The United States during the First World War and the interwar period lagged behind the European powers in both tank development and armored doctrine due to fiscal shortcomings and traditional conservative military leadership. During this period, Chaffee was able to resurrect a failed mechanized concept and application and became a dominant mechanized/armor advocate in a time of budget constraints and conservatism.

General Chaffee, Jr. was born into a famous cavalry family. His father was Major General Adna R. Chaffee, Sr. A young Adna R. Chaffee, Jr’s saw his highly decorated father participate in numerous campaigns and command several units. It was during this time that young Adna was exposed to excellent leadership and devotion to the Army. Chaffee, Jr. was a West Point cadet from 1902 to 1906 and subsequently commissioned as a cavalry second lieutenant in 1906. "Chaffee was widely respected within the Army as both a horseman and as a intelligent and thoughtful officer."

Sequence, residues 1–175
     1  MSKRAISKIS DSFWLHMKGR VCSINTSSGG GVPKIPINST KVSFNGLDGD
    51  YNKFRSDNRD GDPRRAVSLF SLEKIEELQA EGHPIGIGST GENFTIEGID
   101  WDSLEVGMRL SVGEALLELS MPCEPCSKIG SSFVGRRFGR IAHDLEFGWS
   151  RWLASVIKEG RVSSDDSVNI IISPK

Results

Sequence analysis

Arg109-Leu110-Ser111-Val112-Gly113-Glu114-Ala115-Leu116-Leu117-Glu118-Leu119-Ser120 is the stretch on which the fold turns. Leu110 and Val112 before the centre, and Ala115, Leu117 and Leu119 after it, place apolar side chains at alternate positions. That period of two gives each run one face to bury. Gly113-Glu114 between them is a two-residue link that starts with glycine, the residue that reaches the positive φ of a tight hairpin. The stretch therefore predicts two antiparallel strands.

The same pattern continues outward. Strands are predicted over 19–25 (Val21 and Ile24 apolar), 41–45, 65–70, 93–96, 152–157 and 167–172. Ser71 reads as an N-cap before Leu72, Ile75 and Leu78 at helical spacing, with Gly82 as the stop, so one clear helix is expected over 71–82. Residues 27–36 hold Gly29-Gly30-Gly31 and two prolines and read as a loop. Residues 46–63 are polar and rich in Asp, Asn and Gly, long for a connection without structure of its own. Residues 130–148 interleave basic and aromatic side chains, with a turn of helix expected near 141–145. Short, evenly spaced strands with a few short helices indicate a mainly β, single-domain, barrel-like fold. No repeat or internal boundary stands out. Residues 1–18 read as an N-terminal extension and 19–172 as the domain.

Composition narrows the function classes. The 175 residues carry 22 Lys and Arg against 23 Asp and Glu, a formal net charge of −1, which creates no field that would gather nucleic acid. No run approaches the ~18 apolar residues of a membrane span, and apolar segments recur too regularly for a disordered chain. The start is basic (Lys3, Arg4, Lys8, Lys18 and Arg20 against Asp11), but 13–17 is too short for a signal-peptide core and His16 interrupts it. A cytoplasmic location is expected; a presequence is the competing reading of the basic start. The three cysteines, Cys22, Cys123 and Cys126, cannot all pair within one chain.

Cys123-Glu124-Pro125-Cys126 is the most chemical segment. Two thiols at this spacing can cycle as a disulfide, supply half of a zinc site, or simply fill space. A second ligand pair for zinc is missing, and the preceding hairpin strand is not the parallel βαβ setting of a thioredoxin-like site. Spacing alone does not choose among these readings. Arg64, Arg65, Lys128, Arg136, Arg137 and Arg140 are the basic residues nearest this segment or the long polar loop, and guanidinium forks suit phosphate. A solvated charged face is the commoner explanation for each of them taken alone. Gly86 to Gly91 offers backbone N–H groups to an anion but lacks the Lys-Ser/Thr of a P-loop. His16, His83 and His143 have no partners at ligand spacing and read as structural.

In 1927, Chaffee was the Army Staff G-3 Plans officer where he became more familiar with mechanization and all mechanized equipment and tests. At that time, he began to understand the need for armor on the battlefield. In 1931, Chaffee, now a lieutenant colonel, was assigned as the first commander of the newly formed 1st Cavalry (Mechanized) Regiment at Fort Knox, Kentucky. He later took command of the 1st Cavalry in 1934, doing much to establish, train, and organize the army’s first dedicated mechanized/armored unit. Of even greater importance was Chaffee’s contribution to the development of the basic doctrine of mechanized warfare. Chaffee was largely responsible for the shift from defensively oriented doctrine to an aggressive and combined arms oriented doctrine, which is still employed today.